2014 La Grande Rue, Grand Cru, Domaine Lamarche

2014 La Grande Rue, Grand Cru, Domaine Lamarche

Product: 20141040258
Prices start from £422.68 per bottle (75cl). Buying options
2014 La Grande Rue, Grand Cru, Domaine Lamarche

Description

Its refined and un-insistent colour is characteristic of the rest of the range, while the nose is discreet offering a variety of red fruits, including raspberries, which suggests intensity while remaining subtle. This is wonderfully full on the palate, still in its own restrained way, so that you have to let it come to you. But there is a dancing, ethereal magic nonetheless. It needs longer in barrel.

Sadly there is no more wine here than in 2013 after a poor flowering. Nicole Lamarche picked from 16th September until the 22nd, reporting no problems in vinification or élévage and opting for a light touch in vinification, noting that each wine is very different from the others this year. This is another fine range from the Lamarches, offering sensible value for money.
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Available for delivery or collection. Pricing includes duty and VAT.
Bottle (75cl)
 x 6
£2,536.08  (£422.68 p/b)
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About this WINE

Domaine Lamarche

Domaine Lamarche

Domaine Lamarche produces 15 different wines, including La Grande Rue, a monopole of the estate and one of the rare Grands Crus of Vosne-Romanée. The domaine’s vineyards are principally in Vosne-Romanée, with a single parcel in Nuits-St Georges, as well as vines in the Hautes-Côtes.

The family estate – now run by Nicole and Nathalie – has nearly 28 acres. Its story spans several generations, with ancestors of the Lamarche family established in the village of Vosne-Romanée as far back as 1740. Henri Lamarche founded the estate at the beginning of the 20th century. His son, Henri Lamarche, took over the estate, and inherited La Grande Rue in 1933, the year of his marriage to Aline Demur (La Grande Rue would become a Grand Cru in 1992).

Henri handed the reigns to his son François, who was succeeded by his daughter Nicole and niece Nathalie; Nicole is today in charge of winemaking and Nathalie, the marketing side. Meticulous work in the vineyards, careful barrel selection and a new cuverie (since 2000) have all combined to make this a fine and consistent domaine.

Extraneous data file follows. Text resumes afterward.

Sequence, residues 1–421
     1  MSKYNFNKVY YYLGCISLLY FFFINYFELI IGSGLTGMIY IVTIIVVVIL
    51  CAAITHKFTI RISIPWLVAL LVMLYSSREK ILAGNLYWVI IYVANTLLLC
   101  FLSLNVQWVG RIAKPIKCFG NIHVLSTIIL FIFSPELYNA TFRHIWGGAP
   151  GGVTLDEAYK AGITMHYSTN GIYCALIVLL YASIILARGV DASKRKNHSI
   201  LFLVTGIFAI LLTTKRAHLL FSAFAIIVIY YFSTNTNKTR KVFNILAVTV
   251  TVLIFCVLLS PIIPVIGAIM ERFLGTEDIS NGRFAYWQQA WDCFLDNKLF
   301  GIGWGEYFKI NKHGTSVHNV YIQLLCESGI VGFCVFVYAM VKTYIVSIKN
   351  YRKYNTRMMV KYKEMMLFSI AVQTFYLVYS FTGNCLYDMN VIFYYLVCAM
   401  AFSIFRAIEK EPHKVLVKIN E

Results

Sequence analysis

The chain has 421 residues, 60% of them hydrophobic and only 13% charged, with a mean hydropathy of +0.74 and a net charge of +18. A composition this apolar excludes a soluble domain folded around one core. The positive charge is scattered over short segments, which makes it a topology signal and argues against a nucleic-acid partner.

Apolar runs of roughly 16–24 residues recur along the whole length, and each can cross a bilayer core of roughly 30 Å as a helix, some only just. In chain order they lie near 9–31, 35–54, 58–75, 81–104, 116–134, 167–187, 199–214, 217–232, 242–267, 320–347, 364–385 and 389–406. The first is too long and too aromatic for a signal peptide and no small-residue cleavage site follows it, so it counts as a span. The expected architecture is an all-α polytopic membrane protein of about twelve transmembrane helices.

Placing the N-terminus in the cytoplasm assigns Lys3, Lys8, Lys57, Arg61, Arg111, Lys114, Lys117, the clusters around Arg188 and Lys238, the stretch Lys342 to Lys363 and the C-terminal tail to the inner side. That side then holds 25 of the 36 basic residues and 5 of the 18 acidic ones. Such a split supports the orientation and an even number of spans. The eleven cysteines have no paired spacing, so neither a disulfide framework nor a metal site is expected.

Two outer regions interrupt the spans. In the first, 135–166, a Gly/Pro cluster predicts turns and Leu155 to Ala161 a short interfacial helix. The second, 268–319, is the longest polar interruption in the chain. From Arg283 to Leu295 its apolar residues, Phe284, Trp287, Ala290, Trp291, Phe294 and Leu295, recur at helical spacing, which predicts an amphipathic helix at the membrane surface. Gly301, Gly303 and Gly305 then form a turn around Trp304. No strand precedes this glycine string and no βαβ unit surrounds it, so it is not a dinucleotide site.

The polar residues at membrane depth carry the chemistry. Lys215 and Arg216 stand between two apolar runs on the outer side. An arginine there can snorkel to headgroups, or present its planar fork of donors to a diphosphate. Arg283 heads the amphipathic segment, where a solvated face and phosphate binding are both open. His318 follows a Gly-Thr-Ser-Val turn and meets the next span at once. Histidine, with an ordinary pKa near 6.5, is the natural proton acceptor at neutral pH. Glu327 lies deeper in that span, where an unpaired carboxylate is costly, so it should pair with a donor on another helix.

Nicole practises organic viticulture, which she believes makes the vines more resilient. In the winery, she habitually retains around a third whole bunches across the range, with new oak reaching 50% for La Grande Rue.

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Vosne-Romanée

Vosne-Romanée

The small commune of Vosne-Romanée is the Côte de Nuits brightest star, producing the finest and most expensive Pinot Noir wines in the world.. Its wines have an extraordinary intensity of fruit which manages to combine power and finesse more magically than in any other part of the Côte d’Or. The best examples balance extraordinary depth and richness with elegance and breeding.

Situated just north of Nuits-St Georges, Vosne-Romanée boasts eight Grand Cru vineyards, three of which include the suffix Romanée, to which the village of Vosne appended its name in 1866. The famous La Romanée vineyard was formerly known as Le Cloux but was renamed in 1651, presumably after the Roman remains found nearby. In 1760 the property was bought by Prince de Conti, and subsequently became known as Romanée-Conti.

Vosne is the home of the phenomenally fine wines of Domaine de la Romanée-Conti; divine wines that are, as they say, not for everyone but for those who can afford them. The region also boasts some of the world’s most talented, quality-conscious and pioneering producers: Domaine de la Romanée-Conti of course, but also Henri Jayer, Lalou Bize-Leroy, René Engel, as well as the Grivot and Gros families, to name but a few.

Vosne-Romanée has the greatest concentration of top vineyards in the Côte d’Or, including the tiny Grand Crus of the astonishing La Romanée-Conti (a monopoly of Domaine de la Romanée-Conti producing about 600 cases a year), the classy, complex La Romanée (a monopoly of Vicomte Liger-Belair, but until 2002 bottled under Bouchard Père et Fils, producing a minuscule 300 cases or so a year) and the little-known La Grande Rue. As the name suggests, this runs up the side of the road out of Vosne. Originally a Premier Cru, it was rightly upgraded in 1992, although its rich, spicy, floral Pinots are yet to reach their real potential under Domaine Lamarche who hold it as a monopoly.